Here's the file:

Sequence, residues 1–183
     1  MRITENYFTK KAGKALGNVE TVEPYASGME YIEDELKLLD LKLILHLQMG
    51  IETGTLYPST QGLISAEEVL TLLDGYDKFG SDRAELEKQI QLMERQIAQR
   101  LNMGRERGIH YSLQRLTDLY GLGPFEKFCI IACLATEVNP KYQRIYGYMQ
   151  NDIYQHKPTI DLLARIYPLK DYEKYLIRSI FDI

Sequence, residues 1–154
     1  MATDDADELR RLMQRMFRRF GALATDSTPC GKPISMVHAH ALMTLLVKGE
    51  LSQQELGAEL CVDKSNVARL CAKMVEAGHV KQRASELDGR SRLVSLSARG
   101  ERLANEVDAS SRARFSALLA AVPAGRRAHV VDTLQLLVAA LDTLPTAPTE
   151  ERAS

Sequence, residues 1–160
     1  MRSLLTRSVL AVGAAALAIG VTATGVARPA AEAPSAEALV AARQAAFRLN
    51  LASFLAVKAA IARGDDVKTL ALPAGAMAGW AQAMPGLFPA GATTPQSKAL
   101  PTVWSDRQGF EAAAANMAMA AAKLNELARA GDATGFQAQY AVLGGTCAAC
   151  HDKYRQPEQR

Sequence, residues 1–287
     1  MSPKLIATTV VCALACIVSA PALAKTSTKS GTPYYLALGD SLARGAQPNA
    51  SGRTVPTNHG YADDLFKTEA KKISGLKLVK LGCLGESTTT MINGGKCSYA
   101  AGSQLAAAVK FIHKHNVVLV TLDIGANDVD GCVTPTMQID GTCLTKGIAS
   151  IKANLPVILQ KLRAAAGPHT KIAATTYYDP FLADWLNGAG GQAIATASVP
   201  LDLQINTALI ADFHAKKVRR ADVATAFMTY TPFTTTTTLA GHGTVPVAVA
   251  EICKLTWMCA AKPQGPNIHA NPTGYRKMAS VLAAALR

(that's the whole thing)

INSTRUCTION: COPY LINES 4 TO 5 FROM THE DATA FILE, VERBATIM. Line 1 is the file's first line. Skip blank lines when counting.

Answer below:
   101  LNMGRERGIH YSLQRLTDLY GLGPFEKFCI IACLATEVNP KYQRIYGYMQ
   151  NDIYQHKPTI DLLARIYPLK DYEKYLIRSI FDI